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Improving Selection Criteria for Awards to Local Leaders Increases Credibility
Improving Selection Criteria for Awards to Local Leaders Increases Credibility
On Monday, December 18, 2017, The Research and Development Center for Local Autonomy, Unity, Political, and General Governance of Research and Development Agency of the Ministry of Home Affairs gave awards to a number of local leaders in Indonesia. The award was called Leadership Award 2017, and was bestowed upon 5 governors, 12 district heads, and 7 mayors considered capable of fulfilling their campaign promises, becoming the beacon of hope for their people, and creating a clean government.

Among the winners are three alumni of the Leadership Training Program held by Transformasi during 2011 – 2013, cooperating with Harvard Kennedy School in the United States of America. They are the District Head of Banyuwangi, Abdullah Azwar Anas, District Head of Kulonprogo, Hasto Wardoyo, and District Head of Agam, Indra Catri.

All winners have gone through a selection process from the evaluating committee, and they were chosen based on the following criteria: the best leaders for a minimum 4 years in office, have never faced legal or moral ethic case, responsive, have strategic vision, and possess high national integrity.

This award, along with many similar ones from Ministries, such as the Top 99 Public Service Innovation by the Ministry of State Apparatus and Bureaucratic Reform, does serve as an excellent way to recognize the achievement of a region, through its local head, while simultaneously encourage other regions to follow suit. It will be better if the criteria and indicator used can be developed in a more sustainable manner, making such award to serve not only as an instant morale booster, but can bring in long term benefits.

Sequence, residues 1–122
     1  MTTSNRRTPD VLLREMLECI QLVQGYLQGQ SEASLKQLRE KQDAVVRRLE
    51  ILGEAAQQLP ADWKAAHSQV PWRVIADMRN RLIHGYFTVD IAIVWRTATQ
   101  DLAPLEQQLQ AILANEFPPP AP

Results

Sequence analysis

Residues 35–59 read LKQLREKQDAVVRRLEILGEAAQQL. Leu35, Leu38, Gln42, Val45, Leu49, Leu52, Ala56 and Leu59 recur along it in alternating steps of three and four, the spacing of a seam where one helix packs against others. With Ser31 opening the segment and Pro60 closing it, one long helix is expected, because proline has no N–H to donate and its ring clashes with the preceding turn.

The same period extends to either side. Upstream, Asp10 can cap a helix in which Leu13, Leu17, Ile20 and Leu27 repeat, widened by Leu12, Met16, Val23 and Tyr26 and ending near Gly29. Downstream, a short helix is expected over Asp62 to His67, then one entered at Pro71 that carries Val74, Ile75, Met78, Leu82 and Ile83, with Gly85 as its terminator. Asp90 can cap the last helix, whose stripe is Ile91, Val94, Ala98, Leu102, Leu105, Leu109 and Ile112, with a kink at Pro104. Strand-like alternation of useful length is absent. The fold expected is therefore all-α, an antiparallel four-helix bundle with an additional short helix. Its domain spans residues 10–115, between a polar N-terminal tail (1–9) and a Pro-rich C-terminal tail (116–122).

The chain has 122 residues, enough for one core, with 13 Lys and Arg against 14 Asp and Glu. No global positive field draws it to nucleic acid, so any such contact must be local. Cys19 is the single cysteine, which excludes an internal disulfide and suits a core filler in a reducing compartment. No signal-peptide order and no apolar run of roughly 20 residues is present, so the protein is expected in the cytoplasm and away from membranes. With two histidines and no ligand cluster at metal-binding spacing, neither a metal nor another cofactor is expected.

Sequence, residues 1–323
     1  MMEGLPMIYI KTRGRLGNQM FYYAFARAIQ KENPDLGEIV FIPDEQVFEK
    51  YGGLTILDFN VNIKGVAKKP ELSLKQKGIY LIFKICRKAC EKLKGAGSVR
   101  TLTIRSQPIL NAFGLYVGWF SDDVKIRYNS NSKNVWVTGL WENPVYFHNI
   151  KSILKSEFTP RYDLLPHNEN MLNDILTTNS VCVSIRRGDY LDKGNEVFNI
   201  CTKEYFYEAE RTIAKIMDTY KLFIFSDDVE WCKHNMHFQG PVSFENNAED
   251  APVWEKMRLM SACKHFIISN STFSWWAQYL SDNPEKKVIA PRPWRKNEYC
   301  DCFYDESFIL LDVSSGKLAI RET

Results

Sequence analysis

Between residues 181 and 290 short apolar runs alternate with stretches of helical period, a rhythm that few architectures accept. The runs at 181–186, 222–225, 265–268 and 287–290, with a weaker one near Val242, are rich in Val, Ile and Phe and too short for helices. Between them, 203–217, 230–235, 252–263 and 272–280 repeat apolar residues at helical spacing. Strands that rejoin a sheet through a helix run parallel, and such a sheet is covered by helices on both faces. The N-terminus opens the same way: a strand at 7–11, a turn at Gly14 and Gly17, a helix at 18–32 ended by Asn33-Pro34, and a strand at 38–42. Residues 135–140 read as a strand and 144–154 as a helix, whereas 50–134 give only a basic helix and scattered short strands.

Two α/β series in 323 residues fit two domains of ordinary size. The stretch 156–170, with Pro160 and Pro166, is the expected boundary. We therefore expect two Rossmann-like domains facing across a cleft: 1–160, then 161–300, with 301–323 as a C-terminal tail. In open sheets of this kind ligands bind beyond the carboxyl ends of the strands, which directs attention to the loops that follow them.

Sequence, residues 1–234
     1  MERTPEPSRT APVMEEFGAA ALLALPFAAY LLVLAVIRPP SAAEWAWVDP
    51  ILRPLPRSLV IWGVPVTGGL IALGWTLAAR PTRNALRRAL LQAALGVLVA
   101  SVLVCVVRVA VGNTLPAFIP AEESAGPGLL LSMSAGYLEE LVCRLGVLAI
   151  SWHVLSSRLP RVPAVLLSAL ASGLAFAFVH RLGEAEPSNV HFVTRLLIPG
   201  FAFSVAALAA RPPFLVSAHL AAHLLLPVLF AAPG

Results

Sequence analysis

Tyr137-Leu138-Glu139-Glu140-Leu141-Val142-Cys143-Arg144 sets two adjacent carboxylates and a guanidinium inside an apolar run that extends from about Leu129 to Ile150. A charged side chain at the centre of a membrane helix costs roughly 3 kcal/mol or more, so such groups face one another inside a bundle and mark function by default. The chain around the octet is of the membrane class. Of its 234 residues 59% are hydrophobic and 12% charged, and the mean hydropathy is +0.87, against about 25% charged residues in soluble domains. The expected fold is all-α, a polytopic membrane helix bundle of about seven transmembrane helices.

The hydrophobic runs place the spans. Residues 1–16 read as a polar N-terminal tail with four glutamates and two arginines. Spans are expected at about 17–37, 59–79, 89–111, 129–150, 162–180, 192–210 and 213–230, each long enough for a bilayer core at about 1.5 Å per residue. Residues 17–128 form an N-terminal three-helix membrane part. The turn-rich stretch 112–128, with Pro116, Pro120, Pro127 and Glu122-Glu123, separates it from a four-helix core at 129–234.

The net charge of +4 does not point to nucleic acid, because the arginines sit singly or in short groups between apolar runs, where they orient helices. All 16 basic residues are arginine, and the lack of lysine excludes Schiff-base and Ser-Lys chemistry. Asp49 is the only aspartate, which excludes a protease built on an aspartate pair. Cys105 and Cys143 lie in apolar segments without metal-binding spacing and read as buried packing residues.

Inclusive and Sustainable Criteria and Indicator

Do you remember the case of Banyuasin District Head Yan Anton Ferdian, who was granted the Unqualified Opinion award three times in a row by the Indonesian Audit Board, but then was apprehended for corruption? To prevent history from repeating itself, awards must be given based on merit, not political negotiation. In addition, criteria and indicators that become the basis to select award winners must be set forth beyond mere desk reviews conducted by the assessing team, and more in accordance with the real situation on the ground, and also be created more inclusively and sustainably. How do we go about doing that?

First, criteria and indicators should be aligned with the national development program initiated by the government. In this case, they can refer to the 9 Development Priority Agenda or “Nawacita” from President Joko Widodo, and Long Term Development Plan (RPJP) 2005 – 2025. The resulting alignment will prevent development overlaps. Even more so, from a good governance stand point, criteria and indicators that are in line with the National Development Program indicates good planning and coordination between involved actors, including the government/ministry giving the award, assessing team, and the people.

Then, some of the new developments that have been promulgated deserve to be considered in preparing such criteria and indicators, such as Presidential Instruction Number 10 year 2016 on Actions to Prevent and Eradicate Corruption, which was the embryo to the development of National Action Plan to Prevent and Eradicate Corruption (RAN-PPK), and Presidential Regulation Number 59 Year 2017 on the Implementation of Sustainable Development Goals (SDG).

Finally, and most importantly, the people must be involved in developing criteria and indicators, selecting local leaders who truly deserve to win the award, and monitoring selection results and post-selection. This has been enshrined in the aforementioned Presidential Regulation, stating that elements of philanthropists, business actors, academics, and CSOs should participate and be engaged in achieving Sustainable Development Goals.

Going forward, sharper, more inclusive and sustainable award selection criteria and indicators will serve as a catalyst towards a more credible, accountable, and long term award giving process.

Wicaksono Prayogie, Policy Analyst, Transformasi, 2018